In many bustling urban cities around the world, policy makers and regulators are becoming increasingly focused on creating sustainable solutions that effectively address the rising vehicular congestion that these cities experience.
In Lagos, Nigeria, traffic and congestion is something inhabitants grapple with on a daily basis. According to recent reports made by Governor Akinwunmi Ambode, the population of Lagos State now stands at over 24 million – equivalent in number to 30 African cities combined.
By 2050, it is estimated that the population of Lagos could top 35 million. These growth will no doubt put additional pressure on the city’s infrastructure. Perhaps a crucial question is: how will the inhabitants of Lagos get from point A to B? What transportation systems and infrastructure are needed to serve the rapidly burgeoning population?
Last year, Governor Ambode reinforced this sentiment in his plans to replace the yellow buses popularly known as “danfo” with a more efficient bus transport system in Lagos State.
This is no doubt a positive development as it is indicative of an intention to reduce congestion and pollution, as well as pave the way for an efficient mass transportation system that would move Lagos faster towards its goal of becoming a Smart City. In envisioning Lagos as a Smart City, specifically within the transportation and mobility sectors, it is important to begin to think of a city where we have fewer vehicles on the roads and there is convenient access to other mobility options such as rail, waterways, air, etc., for people to move around.
We must also begin to think about the fact that fewer cars on the roads naturally means a decrease in carbon emissions and congestion. This also means that places in cities previously set aside and designed around cars, such as wide roads for high traffic volumes as well as space-intensive parkades and parking lots, can be given back to the city and its people. What could this mean for a city like Lagos? Think of a greener, less congested, and more liveable city.
At Uber, we believe that a better future is within our grasp. One of our core objectives is to support and complement existing public transportation infrastructure. Through cars registered to use the Uber App, we are helping commuters cover the “last mile” of their journeys around the world. In cities like Amsterdam and London, for example, over 25% of Uber rides during morning rush hour go to and from local train stations, further establishing that people use Uber to complement existing forms of transportation.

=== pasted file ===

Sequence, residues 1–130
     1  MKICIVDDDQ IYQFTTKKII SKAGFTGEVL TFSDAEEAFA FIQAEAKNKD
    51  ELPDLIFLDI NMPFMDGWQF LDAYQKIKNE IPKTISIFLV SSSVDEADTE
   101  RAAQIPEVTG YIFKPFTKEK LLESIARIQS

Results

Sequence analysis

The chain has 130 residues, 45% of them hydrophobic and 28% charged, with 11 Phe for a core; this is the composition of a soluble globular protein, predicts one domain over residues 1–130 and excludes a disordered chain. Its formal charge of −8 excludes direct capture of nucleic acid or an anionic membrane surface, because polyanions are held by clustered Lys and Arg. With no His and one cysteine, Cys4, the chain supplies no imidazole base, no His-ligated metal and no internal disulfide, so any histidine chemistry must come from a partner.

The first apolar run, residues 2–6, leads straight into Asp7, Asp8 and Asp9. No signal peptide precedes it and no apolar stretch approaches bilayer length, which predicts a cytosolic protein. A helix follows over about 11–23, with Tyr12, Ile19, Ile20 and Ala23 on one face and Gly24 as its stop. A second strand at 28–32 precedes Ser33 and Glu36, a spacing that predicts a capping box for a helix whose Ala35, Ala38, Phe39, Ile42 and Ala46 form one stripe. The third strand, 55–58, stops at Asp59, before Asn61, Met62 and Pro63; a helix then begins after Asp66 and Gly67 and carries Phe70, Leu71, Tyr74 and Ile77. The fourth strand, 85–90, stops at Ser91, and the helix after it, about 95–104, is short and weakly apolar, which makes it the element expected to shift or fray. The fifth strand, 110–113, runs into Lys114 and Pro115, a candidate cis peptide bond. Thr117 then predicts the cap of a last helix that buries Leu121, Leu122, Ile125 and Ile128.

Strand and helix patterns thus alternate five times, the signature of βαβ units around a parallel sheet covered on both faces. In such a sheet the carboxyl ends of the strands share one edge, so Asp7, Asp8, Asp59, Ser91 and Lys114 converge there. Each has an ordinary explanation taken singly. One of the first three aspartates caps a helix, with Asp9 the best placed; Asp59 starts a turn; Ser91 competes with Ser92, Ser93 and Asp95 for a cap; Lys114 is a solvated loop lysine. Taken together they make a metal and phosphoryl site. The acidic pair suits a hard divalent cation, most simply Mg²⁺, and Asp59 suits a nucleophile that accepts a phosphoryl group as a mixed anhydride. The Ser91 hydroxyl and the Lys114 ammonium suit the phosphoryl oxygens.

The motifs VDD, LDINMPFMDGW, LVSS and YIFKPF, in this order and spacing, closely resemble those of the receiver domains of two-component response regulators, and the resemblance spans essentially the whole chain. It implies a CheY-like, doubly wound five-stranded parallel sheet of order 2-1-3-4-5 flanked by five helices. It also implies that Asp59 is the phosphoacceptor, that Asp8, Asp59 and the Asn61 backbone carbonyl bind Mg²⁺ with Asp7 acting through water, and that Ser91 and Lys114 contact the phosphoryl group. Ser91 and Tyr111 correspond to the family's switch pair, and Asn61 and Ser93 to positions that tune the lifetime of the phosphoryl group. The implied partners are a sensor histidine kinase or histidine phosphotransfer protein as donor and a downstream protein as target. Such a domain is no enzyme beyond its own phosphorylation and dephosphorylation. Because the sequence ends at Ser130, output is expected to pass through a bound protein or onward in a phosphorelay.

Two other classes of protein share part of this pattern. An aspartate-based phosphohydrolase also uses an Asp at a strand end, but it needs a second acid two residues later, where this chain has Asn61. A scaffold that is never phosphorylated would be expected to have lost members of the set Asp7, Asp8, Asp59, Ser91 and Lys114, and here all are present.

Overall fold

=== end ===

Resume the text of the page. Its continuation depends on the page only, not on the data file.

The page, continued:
We believe that shared mobility enabled by technology has the potential to contribute to better and more efficient cities. This is why we are partnering with public transport providers and other app-based mobility solutions (such as car and bike sharing services) around the world.
In the near future, it will be entirely possible to complete certain journeys across cities utilizing many options made possible via the Uber Platform App. A rider’s daily commute could be completed using one or more options like a shared JUMP bike, uberPOOL or, uberX. While not all of these options are currently available in Africa – it does mean that some of the solutions to creating less congested cities already exist. And for a megacity like Lagos, this is definitely a positive development.
Uber is expanding its offerings to help create a new future of transportation – one that reduces individual car ownership, expands access to transportation and helps governments plan future transportation investments. From bikes to pooled rides, we are always looking to offer more ways to get around without needing to own or buy a car.
A year ago at the first Uber Elevate Summit, we announced our initial partnerships with companies that make aircrafts, high speed chargers and manage major real estate portfolios. We also unveiled a collaborative plan with the cities of Dallas and Fort-Worth to create the first metropolitan area in United States with an urban aviation rideshare network.
At this year’s Elevate Summit, our CEO Dara Khosrowshahi affirmed an upward shift in the mobility conversations saying: “We think cities are going to go vertical in terms of transportation, and we want to make that a reality.” With products like uberAIR we want to make it possible for people to push a button and get a flight – uberAIR takes that approach and our technology to new heights.
Technology is increasingly at the core of how people move around their cities and we must harness it to create sustainable options to drive transportation systems around the world. As Lagos, Nigeria and indeed the whole of Sub-Saharan Africa make the move towards enabling smart cities – technology will play a critical role in improving urban mobility.
Kassim is the General Manager West Africa, Uber and writes in from Lagos, Nigeria